[hackerspaces] Who currently has the best, most functional hackerspace model?

Ben Brown ben at generik.ca
Tue Jul 5 20:17:23 CEST 2016

Those are some very good points. Without a thriving community, a
hackerspace is just a box with tools.

Despite Kwartzlab's original mandate was more or less 'by members, for
members', we do a lot of outward-facing events. We team up with other
organizations to teach skills. We have repair cafes and other things to
interact with the community at large. We don't really do a lot of
member-specific events anymore... the AGM is about the only one.

We focused on community a lot in the early days -- spontaneous
hackathons, talks, parties and what not. It also helped that we all
contributed to building the actual space together, which created a lot
of camaraderie. When we moved in 2013, we gained some core members by
building out our 2nd space in a similar fashion.

I'm thinking we need to do more like this... at least get everyone in
the same space more often.


On 7/5/2016 1:40 PM, Silence Dogood wrote:
> I think one good question anyone in this list needs to ask themselves
> is who their hacker space is servicing?
> For some on the list the answer is 'the public'.  For others the
> answer is some specific 'community' or 'communities'.  For still
> others it is more of a, if I build it, they will come mentality.  I
> think the latter approach is doomed to failure.  The first and second
> approaches are specific and very very different.
> NYC Resistor focused on community first.  From the very get go, the
> organization pulled in the people it wanted as members to help
> contribute back to it's community and advance it.  As a result, we've
> enjoyed a relatively mild eight ( jesus has it been that long? ) year
> run.  And the fact that we are a homogenous community whole makes that
> a lot easier to achieve.  Our membership operates with the full force
> of the organization behind them.  And we are pretty much on board with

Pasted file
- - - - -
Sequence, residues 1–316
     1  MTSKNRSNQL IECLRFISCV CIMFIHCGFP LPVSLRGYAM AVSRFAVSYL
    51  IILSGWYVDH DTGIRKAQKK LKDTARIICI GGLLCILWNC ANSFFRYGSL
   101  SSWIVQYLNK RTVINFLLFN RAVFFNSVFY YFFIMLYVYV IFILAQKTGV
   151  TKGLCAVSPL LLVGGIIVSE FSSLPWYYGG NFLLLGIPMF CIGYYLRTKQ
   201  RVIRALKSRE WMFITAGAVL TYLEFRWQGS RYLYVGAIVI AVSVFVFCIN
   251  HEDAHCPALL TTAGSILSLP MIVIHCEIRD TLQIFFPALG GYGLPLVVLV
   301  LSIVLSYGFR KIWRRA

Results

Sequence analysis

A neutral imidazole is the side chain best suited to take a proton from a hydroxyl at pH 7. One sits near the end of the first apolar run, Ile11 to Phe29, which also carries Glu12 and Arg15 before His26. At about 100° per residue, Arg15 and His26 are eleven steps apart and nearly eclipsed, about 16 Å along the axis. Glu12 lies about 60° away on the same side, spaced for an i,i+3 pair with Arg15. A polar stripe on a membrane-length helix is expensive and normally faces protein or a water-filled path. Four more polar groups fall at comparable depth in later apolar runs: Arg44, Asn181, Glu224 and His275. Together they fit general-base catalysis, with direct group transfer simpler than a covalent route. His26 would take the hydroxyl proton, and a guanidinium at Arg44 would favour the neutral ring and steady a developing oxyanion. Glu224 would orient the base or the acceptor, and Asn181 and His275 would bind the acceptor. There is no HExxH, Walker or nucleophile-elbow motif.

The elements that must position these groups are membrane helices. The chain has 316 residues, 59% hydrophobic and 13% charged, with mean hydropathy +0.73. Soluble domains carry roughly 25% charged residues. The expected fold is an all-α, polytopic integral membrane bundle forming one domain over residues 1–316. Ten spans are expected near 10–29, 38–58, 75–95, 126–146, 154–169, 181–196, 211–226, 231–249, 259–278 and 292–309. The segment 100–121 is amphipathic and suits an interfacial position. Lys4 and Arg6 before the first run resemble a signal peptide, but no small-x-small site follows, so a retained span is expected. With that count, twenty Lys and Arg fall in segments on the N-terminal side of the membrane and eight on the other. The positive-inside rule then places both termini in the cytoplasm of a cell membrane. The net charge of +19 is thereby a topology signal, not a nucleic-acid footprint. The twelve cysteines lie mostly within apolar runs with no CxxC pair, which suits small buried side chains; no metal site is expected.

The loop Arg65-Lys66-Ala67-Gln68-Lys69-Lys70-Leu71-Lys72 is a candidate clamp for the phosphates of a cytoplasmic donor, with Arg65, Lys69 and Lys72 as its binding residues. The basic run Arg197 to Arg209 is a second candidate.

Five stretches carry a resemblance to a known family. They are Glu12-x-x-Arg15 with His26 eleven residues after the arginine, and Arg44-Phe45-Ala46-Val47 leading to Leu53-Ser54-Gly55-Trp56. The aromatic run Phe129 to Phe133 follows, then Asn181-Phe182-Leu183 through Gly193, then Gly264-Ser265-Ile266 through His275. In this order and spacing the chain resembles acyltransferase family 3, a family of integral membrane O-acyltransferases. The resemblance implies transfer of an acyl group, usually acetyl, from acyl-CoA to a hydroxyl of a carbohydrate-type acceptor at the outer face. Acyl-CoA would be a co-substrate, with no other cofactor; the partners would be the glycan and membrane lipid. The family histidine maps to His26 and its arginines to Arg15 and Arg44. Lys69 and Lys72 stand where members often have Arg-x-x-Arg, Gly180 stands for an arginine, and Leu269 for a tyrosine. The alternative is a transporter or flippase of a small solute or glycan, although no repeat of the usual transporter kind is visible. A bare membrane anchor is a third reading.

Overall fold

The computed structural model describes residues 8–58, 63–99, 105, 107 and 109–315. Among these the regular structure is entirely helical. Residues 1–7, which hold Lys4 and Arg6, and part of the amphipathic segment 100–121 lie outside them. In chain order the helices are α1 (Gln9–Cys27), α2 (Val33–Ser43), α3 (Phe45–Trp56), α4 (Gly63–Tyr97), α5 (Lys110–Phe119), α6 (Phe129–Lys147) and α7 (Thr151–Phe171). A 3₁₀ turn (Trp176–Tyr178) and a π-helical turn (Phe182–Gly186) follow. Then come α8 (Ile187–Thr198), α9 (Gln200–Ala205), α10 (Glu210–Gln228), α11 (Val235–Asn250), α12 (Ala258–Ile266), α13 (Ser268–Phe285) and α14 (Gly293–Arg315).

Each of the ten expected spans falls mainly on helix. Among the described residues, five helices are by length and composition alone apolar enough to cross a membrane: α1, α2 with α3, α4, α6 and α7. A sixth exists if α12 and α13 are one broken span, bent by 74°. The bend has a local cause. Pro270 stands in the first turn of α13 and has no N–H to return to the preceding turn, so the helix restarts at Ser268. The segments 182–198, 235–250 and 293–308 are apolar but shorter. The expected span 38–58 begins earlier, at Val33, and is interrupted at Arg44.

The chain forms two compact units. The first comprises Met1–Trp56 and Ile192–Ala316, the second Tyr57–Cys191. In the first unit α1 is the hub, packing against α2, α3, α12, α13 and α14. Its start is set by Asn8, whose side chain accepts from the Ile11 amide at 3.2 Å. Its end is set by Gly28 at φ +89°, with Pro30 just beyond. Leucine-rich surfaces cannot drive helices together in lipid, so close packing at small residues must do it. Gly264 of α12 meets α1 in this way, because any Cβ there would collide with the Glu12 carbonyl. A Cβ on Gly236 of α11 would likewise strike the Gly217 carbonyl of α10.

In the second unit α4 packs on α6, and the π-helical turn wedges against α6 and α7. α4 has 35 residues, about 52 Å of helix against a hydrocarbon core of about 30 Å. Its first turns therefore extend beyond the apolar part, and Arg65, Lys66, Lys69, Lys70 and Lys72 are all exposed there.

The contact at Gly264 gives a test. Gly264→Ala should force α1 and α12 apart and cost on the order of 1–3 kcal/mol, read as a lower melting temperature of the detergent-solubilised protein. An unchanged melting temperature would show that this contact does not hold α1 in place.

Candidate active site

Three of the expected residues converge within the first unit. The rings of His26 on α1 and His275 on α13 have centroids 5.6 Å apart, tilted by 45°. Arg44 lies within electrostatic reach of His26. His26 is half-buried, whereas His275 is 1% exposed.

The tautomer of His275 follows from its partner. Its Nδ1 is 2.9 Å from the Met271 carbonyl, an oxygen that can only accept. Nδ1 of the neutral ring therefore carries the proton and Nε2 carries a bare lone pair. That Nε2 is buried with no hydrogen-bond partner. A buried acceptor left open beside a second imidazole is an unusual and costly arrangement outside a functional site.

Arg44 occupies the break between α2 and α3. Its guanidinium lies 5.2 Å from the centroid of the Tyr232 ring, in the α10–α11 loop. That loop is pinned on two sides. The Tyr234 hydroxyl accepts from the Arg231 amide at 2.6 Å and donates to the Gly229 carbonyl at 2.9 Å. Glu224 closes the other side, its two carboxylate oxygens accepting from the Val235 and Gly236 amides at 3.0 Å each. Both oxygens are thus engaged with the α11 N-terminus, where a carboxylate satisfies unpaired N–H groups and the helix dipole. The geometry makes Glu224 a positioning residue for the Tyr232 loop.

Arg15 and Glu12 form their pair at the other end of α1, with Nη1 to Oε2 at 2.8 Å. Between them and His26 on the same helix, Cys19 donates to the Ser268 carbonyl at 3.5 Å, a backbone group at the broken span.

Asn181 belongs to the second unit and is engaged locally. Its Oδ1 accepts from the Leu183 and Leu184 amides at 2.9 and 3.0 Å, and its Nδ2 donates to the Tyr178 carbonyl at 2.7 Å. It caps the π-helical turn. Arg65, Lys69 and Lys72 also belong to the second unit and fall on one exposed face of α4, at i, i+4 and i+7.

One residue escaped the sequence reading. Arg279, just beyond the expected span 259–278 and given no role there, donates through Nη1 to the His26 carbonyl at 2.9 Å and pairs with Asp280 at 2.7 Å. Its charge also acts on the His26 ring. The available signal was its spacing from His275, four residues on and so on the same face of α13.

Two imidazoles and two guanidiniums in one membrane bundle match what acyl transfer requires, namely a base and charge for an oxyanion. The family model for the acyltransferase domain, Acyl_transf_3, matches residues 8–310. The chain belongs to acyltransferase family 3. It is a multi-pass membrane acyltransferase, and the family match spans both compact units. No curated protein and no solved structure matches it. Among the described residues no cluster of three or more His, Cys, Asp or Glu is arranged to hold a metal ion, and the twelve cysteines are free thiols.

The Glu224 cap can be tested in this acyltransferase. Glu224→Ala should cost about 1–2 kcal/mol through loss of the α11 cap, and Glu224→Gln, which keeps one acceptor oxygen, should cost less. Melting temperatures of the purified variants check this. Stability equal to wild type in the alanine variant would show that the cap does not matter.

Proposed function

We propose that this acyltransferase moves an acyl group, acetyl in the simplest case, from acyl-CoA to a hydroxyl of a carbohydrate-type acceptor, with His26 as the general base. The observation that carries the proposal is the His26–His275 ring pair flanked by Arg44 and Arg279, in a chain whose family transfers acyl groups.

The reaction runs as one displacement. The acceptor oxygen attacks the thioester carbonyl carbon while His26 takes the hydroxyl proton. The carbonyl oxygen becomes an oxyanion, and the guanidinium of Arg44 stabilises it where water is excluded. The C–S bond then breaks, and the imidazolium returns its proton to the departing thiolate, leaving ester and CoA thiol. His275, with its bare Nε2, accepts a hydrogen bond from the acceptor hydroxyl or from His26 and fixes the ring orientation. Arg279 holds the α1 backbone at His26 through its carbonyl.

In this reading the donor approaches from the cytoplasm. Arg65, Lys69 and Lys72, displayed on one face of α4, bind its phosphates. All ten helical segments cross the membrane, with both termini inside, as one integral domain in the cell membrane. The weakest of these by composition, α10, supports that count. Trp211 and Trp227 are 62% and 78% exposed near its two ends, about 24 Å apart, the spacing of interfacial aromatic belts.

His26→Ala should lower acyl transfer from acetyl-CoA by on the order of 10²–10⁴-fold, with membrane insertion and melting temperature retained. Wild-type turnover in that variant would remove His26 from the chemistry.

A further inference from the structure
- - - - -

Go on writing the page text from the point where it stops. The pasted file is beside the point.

> agreeing with consensus decisions. 
> A public oriented space faces the problem of community hijacking. 
> Hackerdojo saw this.  And it was regrettable, but not ultimately
> destructive to the organization.  One community ended up being edged
> out by another, but the organization lived on as something new.  In a
> similar way, even NYC Resistor has changed as members have come and
> gone over the years.  But, there is a difference between a gradual
> shift in culture, and a sudden and abrupt shift that leaves some
> feeling as though they have just been robbed of their investment.
> Other issues facing a 'public' space are many.  So the questions of
> who does your space serve will have a huge impact on what the criteria
> are for success, and what models will work for you.
> On Tue, Jul 5, 2016 at 1:24 PM, Ben Brown <ben at generik.ca
> <mailto:ben at generik.ca>> wrote:
>     Finance-wise, Kwartzlab has never been in the red. This has been
>     achieved by being fiscally conservative of extra spending and proper
>     reporting -- we always know where money is and for what purpose.
>     Keeping
>     the doors open and lights on is the priority, we've never considered a
>     new space that we can't sustain with our current membership. Most
>     of our
>     big tools have come from grants/donations and member-driven group
>     buys.
>     We've also kept an emergency fund of three full months of operational
>     expenses (rent, hydro, etc) that we've never used, but it's good
>     to have
>     just in case.
>     Our biggest problem is we don't have enough new members interested in
>     the general day-to-day operation of the space. Traditionally the
>     board +
>     small number of volunteers take care of most things - cleaning,
>     upgrades, new tools, etc. However a lot of our core group (including
>     myself) is burning out after seven years of operation. Our last two
>     boards were appointed without a vote because we didn't have enough
>     interested nominees.
>     If anyone's got some insight on successful ways of combating member
>     apathy I'd love to hear what worked!

>     Cheers,
>     Ben
>     On 7/4/2016 6:11 PM, Shirley Hicks wrote:
>     > Hey everyone,
>     >
>     > For those of you who visit other hackerspaces, who has the best
>     financial and operational model? What organizational models have
>     you looked at/borrowed from in order to improve your space?
>     Looking for a couple to study in an effort to improve how the Red
>     Mountain Makers is operating.
>     >
>     > Shirley Hicks
>     > Red Mountain Makers
>     > Birmingham, AL
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